Edit: As a result of these tests, I’ve written a better-performing set of extension methods.
I recently wrote an extension method
which uses an Expression Tree to create a
Func which creates an instance of an object from its type.
With that done I thought I’d check the performance difference between my method and
Activator.CreateInstance(), which it was intended to replace.
I wrote a simple console application which tested using
Activator.CreateInstance() by creating 100,000 instances of objects with zero to three constructor
parameters and calculating the average time of each construction. For
Activator.CreateInstance() I created a single instance of each object before running the test
so they could perform any caching outside of the actual performance measurement.
The results were as follows; the third column shows the total number of ticks taken to create 100,000 objects, the fourth the number of ticks taken per object:
A few things to note:
newis always and by far the fastest way to go.
With a parameterless constructor, using
Activator.CreateInstance()is almost as fast as using
new, and much, much faster than using
When your constructor takes one or more parameters,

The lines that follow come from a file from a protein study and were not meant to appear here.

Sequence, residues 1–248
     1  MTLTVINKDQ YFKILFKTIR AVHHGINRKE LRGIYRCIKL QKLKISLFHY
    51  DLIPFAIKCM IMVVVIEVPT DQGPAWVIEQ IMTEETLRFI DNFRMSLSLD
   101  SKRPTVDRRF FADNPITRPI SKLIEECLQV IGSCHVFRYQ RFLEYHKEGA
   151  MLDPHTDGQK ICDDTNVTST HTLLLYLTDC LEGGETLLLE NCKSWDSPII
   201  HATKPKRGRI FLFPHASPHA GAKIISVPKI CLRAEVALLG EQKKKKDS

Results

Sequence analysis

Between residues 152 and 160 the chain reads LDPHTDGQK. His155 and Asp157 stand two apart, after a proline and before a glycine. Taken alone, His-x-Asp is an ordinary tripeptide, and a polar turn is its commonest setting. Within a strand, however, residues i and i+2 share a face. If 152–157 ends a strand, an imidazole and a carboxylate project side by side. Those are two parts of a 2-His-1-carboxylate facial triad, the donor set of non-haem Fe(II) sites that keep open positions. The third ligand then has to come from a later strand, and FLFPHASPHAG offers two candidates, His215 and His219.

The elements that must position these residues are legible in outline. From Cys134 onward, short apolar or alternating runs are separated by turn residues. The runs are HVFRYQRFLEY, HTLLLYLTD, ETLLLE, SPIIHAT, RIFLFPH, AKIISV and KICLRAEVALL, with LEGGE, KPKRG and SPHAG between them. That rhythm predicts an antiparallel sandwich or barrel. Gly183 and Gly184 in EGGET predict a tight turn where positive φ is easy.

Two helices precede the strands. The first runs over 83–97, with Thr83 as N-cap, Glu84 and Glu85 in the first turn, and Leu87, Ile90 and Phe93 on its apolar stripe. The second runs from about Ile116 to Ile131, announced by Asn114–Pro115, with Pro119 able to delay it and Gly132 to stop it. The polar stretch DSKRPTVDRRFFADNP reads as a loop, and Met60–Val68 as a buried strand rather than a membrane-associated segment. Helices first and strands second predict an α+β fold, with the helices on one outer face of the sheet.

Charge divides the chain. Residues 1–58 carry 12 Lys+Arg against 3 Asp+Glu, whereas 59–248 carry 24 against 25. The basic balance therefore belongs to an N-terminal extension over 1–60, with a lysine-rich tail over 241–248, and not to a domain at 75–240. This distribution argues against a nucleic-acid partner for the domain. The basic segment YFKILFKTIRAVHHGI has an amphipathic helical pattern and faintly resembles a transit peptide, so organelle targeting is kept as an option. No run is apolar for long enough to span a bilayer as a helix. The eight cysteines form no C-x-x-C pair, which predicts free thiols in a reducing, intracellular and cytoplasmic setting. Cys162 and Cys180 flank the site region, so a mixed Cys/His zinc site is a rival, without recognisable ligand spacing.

Type.GetInstance()takes about 70% the time of
I find myself wondering why
Type.GetInstance() isn’t faster than it is; after all, aren’t
created by Expression Trees supposed to nearly as fast as regular code? I’ve not looked into it in
any great detail, but I think its performance is weighed down by the generic nature of the method
and the way the
Funcs are cached.
Funcs are cached in a dictionary which returns a
Func<object, object, object, object>,
Func requires an Expression to cast each argument to its correct type, and this introduces
overhead. This is confirmed by looking at the Expression Debug View in Visual Studio, which displays
the created Lambda like this:
With these results, I’m going to update the parameterless overload of
Type.GetInstance() to delegate
Activator.CreateInstance(), and I wonder if I might be able to use a generic helper class
to cache a strongly-typed
Func and so avoid the casting… something to consider (I’ve now considered
it and written new methods).
I guess it’s always best to make decisions based on data :)